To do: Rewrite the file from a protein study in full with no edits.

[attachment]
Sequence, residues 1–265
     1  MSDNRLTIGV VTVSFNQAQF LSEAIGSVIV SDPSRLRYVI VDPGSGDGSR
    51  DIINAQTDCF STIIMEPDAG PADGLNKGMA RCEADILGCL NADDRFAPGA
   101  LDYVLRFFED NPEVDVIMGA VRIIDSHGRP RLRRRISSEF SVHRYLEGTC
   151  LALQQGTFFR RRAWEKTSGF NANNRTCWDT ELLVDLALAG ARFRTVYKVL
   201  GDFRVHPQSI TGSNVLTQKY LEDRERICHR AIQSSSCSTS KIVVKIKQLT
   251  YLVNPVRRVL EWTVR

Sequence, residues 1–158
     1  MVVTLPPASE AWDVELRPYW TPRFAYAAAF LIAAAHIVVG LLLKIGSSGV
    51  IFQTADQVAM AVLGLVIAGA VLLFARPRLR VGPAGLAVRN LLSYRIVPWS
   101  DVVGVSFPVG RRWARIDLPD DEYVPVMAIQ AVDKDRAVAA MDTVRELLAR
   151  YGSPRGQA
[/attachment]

Sequence, residues 1–265
     1  MSDNRLTIGV VTVSFNQAQF LSEAIGSVIV SDPSRLRYVI VDPGSGDGSR
    51  DIINAQTDCF STIIMEPDAG PADGLNKGMA RCEADILGCL NADDRFAPGA
   101  LDYVLRFFED NPEVDVIMGA VRIIDSHGRP RLRRRISSEF SVHRYLEGTC
   151  LALQQGTFFR RRAWEKTSGF NANNRTCWDT ELLVDLALAG ARFRTVYKVL
   201  GDFRVHPQSI TGSNVLTQKY LEDRERICHR AIQSSSCSTS KIVVKIKQLT
   251  YLVNPVRRVL EWTVR

Sequence, residues 1–158
     1  MVVTLPPASE AWDVELRPYW TPRFAYAAAF LIAAAHIVVG LLLKIGSSGV
    51  IFQTADQVAM AVLGLVIAGA VLLFARPRLR VGPAGLAVRN LLSYRIVPWS
   101  DVVGVSFPVG RRWARIDLPD DEYVPVMAIQ AVDKDRAVAA MDTVRELLAR
   151  YGSPRGQA